One of the reasons I love to write about nature is that it gives me a great excuse to spend time trying to solve the mysteries with which the natural world abounds. Of course, the more answers I find, the more questions I have.
Lately I’ve been pondering some signs animals have left behind as they go about their business near my house. Common ones include scat, fur or feathers, tracks on the ground, shelter (such as nests and dens) and holes or scrapes in the ground or on trees. I’m often asked, “Who left that mark?” and finding fresh ones recently spurred me to add to find out more about them.
Size, shape and the anatomical part used (beak, teeth, or claws) to make the mark are important keys in figuring out what made it. Looking for one or more of the other signs listed above, as well as knowing what animals eat, where they live and other aspects of their behavior can also help in solving the mystery.
A series of small holes are, in a way, a bit easier to sort out, since they offer a pattern. But a lot of animals excavate, for various reasons. Ground that appears to have been disturbed but the soil put back could indicate an animal cached food or buried its eggs there, while open holes are more likely to indicate an animal was hunting for food or dug up what it had cached.
Canids, from domestic dogs to foxes and coyotes, can sometimes make a mess of a yard as they dig and bite the sod to go after moles underneath. And skunks can make smaller holes looking for insect larvae. One day I observed a skunk racing around my yard, digging small holes everywhere. I guessed it was searching for the larvae of June bugs, judging by the dozens of female beetles that had arrived a few weeks earlier and laid their eggs in the sod. Other beetle species may have done the same, and the skunk may also have been attracted to the many ant, bee and wasp in the yard, offering other protein-packed prey prized by many predators.
Early this fall, a flock of northern flickers was drilling into the sod in my yard, busier than miners during a gold rush. While this is not a behavior normally associated with woodpeckers, Cornell Lab of Ornithology’s All About Birds website notes that this particular species doesn’t peck wood: “Flickers eat mainly ants and beetles, digging for them with their unusual, slightly curved bill.”
Large holes in rotting trees and stumps can be a sign of pileated woodpeckers, the largest of Virginia’s native woodpeckers. The holes they make tend to be rectangular, unique among our woodpeckers. Each hole can be a few inches or more than a foot long, and often run up and down a tree.
As well as tearing up rotting trees, the pileated woodpecker also targets decaying stumps and logs laying on the ground. A tuliptree stump in my landlords’ yard was systematically torn up over a few days last summer by a pair of pileated woodpeckers. I had noticed that the stump had been a great host for several species of mushrooms over the year but insects undoubtedly had also taken up residence within the rotting wood as well. The pileateds were probably looking for nests of their main prey, carpenter ants, but they can also “use their long, barbed tongues to extract woodboring beetle larvae (which can be more than an inch long) or termites lying deep in the wood,” according to All About Birds.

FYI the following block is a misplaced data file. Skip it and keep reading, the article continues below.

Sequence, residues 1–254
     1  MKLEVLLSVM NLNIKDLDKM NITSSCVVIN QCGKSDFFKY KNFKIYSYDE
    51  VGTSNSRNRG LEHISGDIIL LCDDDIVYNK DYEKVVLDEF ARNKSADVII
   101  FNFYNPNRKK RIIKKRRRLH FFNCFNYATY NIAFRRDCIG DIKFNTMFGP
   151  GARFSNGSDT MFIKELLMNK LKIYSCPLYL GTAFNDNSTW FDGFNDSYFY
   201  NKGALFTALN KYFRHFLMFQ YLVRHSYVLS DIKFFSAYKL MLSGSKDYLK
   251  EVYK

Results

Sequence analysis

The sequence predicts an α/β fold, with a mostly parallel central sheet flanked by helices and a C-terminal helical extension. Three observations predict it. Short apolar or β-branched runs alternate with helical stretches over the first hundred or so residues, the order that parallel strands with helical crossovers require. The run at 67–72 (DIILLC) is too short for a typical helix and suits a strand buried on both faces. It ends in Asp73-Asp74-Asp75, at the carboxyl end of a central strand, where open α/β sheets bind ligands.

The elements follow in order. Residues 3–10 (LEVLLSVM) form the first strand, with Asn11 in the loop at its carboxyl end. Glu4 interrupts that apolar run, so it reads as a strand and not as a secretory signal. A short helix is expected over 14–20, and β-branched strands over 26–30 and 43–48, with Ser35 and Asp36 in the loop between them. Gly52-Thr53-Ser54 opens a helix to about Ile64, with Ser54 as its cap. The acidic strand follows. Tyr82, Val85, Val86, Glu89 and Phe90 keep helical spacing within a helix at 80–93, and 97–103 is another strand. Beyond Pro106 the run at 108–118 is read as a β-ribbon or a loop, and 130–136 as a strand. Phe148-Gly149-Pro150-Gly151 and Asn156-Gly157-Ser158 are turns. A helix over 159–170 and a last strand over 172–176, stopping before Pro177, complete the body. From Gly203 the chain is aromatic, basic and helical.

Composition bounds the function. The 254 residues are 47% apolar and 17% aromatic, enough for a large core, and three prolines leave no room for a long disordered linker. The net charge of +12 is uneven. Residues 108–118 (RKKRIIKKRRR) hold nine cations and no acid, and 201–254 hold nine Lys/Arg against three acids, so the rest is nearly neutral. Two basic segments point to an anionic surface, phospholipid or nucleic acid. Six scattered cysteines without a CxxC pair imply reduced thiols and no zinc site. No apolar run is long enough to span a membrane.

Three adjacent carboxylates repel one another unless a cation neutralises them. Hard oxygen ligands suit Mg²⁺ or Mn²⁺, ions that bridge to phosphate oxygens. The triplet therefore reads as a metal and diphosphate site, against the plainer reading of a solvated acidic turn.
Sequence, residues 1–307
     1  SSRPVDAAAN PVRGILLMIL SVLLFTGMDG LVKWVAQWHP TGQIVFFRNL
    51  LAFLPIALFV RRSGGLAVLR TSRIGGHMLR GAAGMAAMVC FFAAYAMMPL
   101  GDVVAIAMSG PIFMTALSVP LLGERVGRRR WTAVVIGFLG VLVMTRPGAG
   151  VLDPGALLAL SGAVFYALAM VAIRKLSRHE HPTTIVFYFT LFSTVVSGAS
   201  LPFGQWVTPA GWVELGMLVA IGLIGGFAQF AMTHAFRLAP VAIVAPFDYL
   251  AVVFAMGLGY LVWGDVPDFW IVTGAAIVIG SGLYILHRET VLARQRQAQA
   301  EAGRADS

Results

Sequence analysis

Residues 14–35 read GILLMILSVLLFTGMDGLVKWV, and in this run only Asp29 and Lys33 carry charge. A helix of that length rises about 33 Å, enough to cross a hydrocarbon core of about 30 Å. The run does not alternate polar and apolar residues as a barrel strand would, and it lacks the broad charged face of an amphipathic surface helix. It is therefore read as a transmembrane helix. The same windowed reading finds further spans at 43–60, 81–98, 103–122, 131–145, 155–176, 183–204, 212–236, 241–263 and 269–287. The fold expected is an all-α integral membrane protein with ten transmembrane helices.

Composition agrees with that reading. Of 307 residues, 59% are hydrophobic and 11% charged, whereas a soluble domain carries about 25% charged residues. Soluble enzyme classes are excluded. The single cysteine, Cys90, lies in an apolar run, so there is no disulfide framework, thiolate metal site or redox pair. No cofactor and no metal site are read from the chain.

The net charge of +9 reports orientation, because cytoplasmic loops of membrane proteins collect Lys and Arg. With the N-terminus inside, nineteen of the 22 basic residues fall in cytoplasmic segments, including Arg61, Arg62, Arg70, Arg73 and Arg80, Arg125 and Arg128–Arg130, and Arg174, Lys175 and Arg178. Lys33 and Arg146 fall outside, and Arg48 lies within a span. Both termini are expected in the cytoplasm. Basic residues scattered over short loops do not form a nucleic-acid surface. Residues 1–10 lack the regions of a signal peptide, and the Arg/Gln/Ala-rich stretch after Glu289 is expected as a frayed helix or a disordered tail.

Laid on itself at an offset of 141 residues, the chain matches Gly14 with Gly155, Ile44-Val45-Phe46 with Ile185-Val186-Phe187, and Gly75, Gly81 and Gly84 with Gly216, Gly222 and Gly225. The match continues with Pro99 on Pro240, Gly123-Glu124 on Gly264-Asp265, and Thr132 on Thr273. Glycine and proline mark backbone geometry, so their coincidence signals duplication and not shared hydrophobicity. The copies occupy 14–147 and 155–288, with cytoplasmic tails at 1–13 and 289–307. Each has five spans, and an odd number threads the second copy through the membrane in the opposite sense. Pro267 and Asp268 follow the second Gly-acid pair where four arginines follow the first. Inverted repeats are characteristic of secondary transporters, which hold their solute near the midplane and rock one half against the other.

Other, smaller woodpeckers dig holes in rotting trees, too, and may take up where pileated leaves off. Woodpeckers, insects and mushrooms are all important players in breaking down and recycling the nutrients from dead trees and thus are essential to our ecosystems. Another benefit of woodpecker holes is that they can be adapted by other species to serve as condos.
Tiny holes on the sides of human-made structures or in dead trees are most likely made by carpenter bees. These bees, which reproduce separately rather than in colonies, chew a hole in wood, then make a trench at a right angle inside to house their eggs. The holes made by carpenter bees and other insects can in turn attract woodpeckers and other predators, adding to the excavation and the nutrient-recycling process.
Extensive scratches, without holes, on a tree trunk, or sign or utility pole, especially along a trail are more likely the markings of a bear. Bears can also mark by tearing tear out big chunks with their teeth. But perhaps the most important mark bears leave behind, which we humans are likely to miss, is scent, which carries more information about the bear’s gender, health and other physical characteristics.
The exact reasons why bears mark has “puzzled naturalists and biologists for many years,” according to one University of Tennessee study that aggregated data from several field studies, but social communication seems to be at the heart of the behavior. According to the North American Bear Center, “the majority of this marking is by mature males during the mating season.” At that time, especially, boars (male bears) may be giving a warning to other males or advertising themselves to prospective mates. The height of claw and bite marks likely help convey their size to other boars.
Male deer similarly mark their territory, rubbing their antlers on trees (particularly when shedding the “velvet” on new growth) and scraping the ground with their hooves. They have four major scent glands on their body that help leave scent messages on branches above scrapes on the ground, while leaving more information on the scrapes by urinating on them. As with most male displays, bear and deer leave such marks as a warning to other males, which can help them avoid potentially dangerous face-to-face encounters.
© 2016 Pam Owen